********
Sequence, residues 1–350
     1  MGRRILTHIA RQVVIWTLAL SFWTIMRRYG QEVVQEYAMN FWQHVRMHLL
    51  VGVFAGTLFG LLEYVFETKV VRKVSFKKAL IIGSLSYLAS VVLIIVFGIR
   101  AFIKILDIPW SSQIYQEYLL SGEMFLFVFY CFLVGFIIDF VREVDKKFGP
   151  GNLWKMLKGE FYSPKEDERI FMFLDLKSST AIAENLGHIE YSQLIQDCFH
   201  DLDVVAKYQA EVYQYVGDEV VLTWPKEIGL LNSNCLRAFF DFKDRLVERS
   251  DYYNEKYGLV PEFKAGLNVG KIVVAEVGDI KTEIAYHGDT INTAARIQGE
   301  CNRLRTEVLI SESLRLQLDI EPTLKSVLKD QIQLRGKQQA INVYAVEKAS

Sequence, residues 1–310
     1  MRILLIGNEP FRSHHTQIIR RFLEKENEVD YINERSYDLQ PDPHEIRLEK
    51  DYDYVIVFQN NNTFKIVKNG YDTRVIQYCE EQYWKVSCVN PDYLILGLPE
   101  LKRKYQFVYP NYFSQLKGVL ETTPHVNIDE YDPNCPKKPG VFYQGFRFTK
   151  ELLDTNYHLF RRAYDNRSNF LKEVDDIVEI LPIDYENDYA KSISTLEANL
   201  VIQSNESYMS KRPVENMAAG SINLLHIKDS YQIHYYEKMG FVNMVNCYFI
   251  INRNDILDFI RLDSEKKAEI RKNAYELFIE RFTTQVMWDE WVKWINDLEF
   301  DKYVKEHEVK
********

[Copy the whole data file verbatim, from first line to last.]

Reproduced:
Sequence, residues 1–350
     1  MGRRILTHIA RQVVIWTLAL SFWTIMRRYG QEVVQEYAMN FWQHVRMHLL
    51  VGVFAGTLFG LLEYVFETKV VRKVSFKKAL IIGSLSYLAS VVLIIVFGIR
   101  AFIKILDIPW SSQIYQEYLL SGEMFLFVFY CFLVGFIIDF VREVDKKFGP
   151  GNLWKMLKGE FYSPKEDERI FMFLDLKSST AIAENLGHIE YSQLIQDCFH
   201  DLDVVAKYQA EVYQYVGDEV VLTWPKEIGL LNSNCLRAFF DFKDRLVERS
   251  DYYNEKYGLV PEFKAGLNVG KIVVAEVGDI KTEIAYHGDT INTAARIQGE
   301  CNRLRTEVLI SESLRLQLDI EPTLKSVLKD QIQLRGKQQA INVYAVEKAS

Sequence, residues 1–310
     1  MRILLIGNEP FRSHHTQIIR RFLEKENEVD YINERSYDLQ PDPHEIRLEK
    51  DYDYVIVFQN NNTFKIVKNG YDTRVIQYCE EQYWKVSCVN PDYLILGLPE
   101  LKRKYQFVYP NYFSQLKGVL ETTPHVNIDE YDPNCPKKPG VFYQGFRFTK
   151  ELLDTNYHLF RRAYDNRSNF LKEVDDIVEI LPIDYENDYA KSISTLEANL
   201  VIQSNESYMS KRPVENMAAG SINLLHIKDS YQIHYYEKMG FVNMVNCYFI
   251  INRNDILDFI RLDSEKKAEI RKNAYELFIE RFTTQVMWDE WVKWINDLEF
   301  DKYVKEHEVK